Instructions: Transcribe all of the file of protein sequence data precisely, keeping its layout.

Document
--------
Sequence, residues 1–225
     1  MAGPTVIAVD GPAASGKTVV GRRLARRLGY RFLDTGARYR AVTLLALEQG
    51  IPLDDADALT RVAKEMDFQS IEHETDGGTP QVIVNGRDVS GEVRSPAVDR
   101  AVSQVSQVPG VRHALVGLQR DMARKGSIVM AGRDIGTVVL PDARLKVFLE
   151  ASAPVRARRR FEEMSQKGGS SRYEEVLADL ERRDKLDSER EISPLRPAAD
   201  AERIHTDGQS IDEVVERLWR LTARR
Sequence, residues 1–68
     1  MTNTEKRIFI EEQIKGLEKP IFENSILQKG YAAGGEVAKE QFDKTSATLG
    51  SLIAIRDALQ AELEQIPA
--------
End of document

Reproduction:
Sequence, residues 1–225
     1  MAGPTVIAVD GPAASGKTVV GRRLARRLGY RFLDTGARYR AVTLLALEQG
    51  IPLDDADALT RVAKEMDFQS IEHETDGGTP QVIVNGRDVS GEVRSPAVDR
   101  AVSQVSQVPG VRHALVGLQR DMARKGSIVM AGRDIGTVVL PDARLKVFLE
   151  ASAPVRARRR FEEMSQKGGS SRYEEVLADL ERRDKLDSER EISPLRPAAD
   201  AERIHTDGQS IDEVVERLWR LTARR
Sequence, residues 1–68
     1  MTNTEKRIFI EEQIKGLEKP IFENSILQKG YAAGGEVAKE QFDKTSATLG
    51  SLIAIRDALQ AELEQIPA